Gary A. Taubes M.S.E., M.S.
The Nutrition Science Initiative
Expertise: Public and Population Health, Media and Health, Obesity
The Sweetening of a Nation: The History, Politics and Health Effects of Sugar and High-Fructose Corn Syrup
Award Year: 2008
Over the last 150 years, Americans have increased their intake of sugar and high-fructose corn syrup (HFCS) dramatically, so that caloric sweeteners now comprise 20 to 25 percent of the calories we consume. While most experts agree that such large amounts of either sugar or HFCS are bad for our health and should be avoided, we still don't know if they can lead to obesity, diabetes, and heart disease. Gary Taubes, M.S.E., M.A. seeks to learn more about the possible relationship between excess consumption of sweeteners and chronic health problems and about how special interests may have influenced research and policy development in this area. In The Sweetening of a Nation: The History, Politics, and Health-Effects of Sugar and HFCS, Mr. Taubes investigates not only past research on the health effects of sugar consumption, but how the Western diet became saturated with caloric sweeteners to begin with, and how industry and other special interests may have thwarted government efforts to rein in sugar consumption and limit scientific inquiry. Mr. Taubes' investigation should enhance the knowledge we need to develop a fuller range of policy options that protect Americans' health and more adequately address the epidemics of obesity and diabetes.
Gary A. Taubes is the author of Good Calories, Bad Calories: Challenging the Conventional Wisdom on Diet, Weight Control and Disease. He is the Co-Founder of the Nutrition Science Initiative. Taubes graduated from Harvard College in 1977 with an S.B. degree in applied physics, and received an M.S. degree in engineering from Stanford University (1978) and in journalism from Columbia University (1981). He began writing and reporting on science and medicine for Discover magazine in 1982. He has been a contributing correspondent for the journal Science since 1993, and has contributed articles as a free-lancer to The Atlantic Monthly, The New York Times Magazine, Esquire, Slate, and numerous other publications. He is also the author of Nobel Dreams (Random House 1987) and Bad Science (Random House, 1993), a New York Times Notable Book and a finalist for the Los Angeles Times Book Awards.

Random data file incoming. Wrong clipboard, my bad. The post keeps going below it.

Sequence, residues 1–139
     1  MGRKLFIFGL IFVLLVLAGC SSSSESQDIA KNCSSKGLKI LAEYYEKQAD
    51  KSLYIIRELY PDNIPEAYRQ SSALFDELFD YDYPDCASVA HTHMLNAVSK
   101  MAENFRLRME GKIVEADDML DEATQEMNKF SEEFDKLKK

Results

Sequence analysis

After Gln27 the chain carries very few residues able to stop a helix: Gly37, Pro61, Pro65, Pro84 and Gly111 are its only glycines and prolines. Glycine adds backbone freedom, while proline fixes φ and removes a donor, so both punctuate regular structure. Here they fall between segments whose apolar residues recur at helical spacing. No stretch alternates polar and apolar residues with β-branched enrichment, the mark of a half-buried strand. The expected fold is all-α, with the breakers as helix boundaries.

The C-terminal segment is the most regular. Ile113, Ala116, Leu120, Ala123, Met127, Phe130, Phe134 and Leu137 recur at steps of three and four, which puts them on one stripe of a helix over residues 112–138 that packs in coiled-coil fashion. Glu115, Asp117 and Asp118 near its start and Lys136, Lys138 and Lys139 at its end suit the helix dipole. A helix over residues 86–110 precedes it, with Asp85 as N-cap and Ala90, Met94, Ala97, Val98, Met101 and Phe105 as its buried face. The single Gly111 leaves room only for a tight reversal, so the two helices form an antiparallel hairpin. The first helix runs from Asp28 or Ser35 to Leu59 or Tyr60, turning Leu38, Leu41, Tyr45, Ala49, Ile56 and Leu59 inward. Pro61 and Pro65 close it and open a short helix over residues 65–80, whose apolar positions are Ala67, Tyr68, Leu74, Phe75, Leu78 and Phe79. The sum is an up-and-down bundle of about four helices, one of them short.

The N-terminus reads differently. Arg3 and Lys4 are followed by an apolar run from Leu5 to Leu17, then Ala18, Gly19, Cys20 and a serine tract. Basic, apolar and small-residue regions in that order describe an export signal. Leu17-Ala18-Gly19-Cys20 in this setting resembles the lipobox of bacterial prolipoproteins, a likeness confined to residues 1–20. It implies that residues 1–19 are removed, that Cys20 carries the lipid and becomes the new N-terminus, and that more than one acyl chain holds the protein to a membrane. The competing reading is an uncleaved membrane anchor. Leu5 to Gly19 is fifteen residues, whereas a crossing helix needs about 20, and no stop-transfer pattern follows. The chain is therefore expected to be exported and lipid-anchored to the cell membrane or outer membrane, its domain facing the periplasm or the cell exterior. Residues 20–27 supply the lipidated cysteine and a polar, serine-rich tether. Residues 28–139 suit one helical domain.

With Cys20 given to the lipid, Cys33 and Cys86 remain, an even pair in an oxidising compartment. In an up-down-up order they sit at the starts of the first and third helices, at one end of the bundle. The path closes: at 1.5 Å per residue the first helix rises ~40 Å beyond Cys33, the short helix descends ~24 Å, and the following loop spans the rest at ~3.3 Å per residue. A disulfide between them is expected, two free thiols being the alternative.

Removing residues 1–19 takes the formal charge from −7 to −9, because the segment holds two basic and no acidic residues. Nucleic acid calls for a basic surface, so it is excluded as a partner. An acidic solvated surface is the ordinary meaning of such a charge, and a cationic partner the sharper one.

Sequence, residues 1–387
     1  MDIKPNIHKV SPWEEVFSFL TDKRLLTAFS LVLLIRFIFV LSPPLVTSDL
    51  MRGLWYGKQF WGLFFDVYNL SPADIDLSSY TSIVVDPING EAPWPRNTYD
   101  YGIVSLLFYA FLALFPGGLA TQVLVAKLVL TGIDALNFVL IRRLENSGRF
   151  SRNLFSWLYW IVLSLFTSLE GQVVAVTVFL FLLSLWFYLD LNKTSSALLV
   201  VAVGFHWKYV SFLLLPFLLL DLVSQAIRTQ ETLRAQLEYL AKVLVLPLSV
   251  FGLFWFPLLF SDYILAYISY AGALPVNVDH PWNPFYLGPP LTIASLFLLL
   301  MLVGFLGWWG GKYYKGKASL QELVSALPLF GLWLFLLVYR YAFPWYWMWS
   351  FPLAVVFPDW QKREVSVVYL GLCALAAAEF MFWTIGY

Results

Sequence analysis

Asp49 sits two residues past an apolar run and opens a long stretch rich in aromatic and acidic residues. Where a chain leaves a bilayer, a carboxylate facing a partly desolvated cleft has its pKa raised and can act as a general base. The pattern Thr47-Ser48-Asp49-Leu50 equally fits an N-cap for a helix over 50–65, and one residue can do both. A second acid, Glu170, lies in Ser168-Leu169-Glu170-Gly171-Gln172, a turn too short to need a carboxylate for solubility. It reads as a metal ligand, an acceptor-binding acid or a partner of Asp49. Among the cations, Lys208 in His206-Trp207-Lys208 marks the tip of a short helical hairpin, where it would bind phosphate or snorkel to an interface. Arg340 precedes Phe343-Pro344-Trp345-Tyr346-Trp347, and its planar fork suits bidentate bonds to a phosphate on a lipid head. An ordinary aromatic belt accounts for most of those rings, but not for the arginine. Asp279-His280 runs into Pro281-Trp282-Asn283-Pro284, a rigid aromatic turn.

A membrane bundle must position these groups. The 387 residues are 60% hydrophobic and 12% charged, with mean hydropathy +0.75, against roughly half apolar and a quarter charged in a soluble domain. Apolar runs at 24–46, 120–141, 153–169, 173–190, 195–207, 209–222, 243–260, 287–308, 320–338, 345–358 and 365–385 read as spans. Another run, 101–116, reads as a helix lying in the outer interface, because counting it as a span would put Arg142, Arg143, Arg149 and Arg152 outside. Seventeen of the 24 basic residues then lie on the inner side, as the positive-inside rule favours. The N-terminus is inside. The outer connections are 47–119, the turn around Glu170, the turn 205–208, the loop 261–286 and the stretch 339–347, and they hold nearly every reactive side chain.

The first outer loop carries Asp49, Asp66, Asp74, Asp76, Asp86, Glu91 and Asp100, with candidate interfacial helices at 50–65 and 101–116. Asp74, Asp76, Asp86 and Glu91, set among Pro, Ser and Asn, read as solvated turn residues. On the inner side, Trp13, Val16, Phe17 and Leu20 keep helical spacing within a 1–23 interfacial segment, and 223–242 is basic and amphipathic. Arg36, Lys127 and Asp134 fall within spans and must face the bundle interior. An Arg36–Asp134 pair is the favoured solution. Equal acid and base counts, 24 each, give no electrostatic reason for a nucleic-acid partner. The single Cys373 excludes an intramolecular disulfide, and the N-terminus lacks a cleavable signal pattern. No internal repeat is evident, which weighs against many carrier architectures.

Since the mid-1980s, Taubes has focused his reporting on controversial science and the tools and methodology needed to establish reliable knowledge. For the past 15 years, he has concentrated specifically on the intersection of science, health and public policy. He has won numerous awards for his reporting including the International Health Reporting Award from the Pan American Health Organization and the National Association of Science Writers Science in Society Journalism Award three times - the only print journalist to ever do so - for articles in Science on observational epidemiology, and on the controversies over salt and blood pressure and dietary fat and heart disease. His latest book, Good Calories, Bad Calories (Knopf, 2007), has been both justly controversial and critically acclaimed. The New York Times Book Review described the book as "eye-opening." The Washington Post called it "at times brilliant and enlightening." The historian of science Richard Rhodes, a winner of the Pulitzer Prize and the National Book Award, has called the book "easily the most important book on diet and health to be published in the past one hundred years."